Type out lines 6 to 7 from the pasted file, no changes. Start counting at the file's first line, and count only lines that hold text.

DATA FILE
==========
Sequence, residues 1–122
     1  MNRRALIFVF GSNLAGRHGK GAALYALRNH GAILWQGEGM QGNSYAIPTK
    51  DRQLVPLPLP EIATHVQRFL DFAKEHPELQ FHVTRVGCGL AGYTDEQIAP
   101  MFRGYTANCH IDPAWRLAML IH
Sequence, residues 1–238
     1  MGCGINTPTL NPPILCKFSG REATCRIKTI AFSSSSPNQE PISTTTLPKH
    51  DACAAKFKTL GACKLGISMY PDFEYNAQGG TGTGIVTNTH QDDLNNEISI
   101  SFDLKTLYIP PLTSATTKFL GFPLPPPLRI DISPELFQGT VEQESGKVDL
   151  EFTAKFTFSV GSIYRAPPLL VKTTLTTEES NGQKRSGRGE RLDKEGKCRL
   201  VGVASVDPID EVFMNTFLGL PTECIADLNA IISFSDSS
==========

     1  MGCGINTPTL NPPILCKFSG REATCRIKTI AFSSSSPNQE PISTTTLPKH
    51  DACAAKFKTL GACKLGISMY PDFEYNAQGG TGTGIVTNTH QDDLNNEISI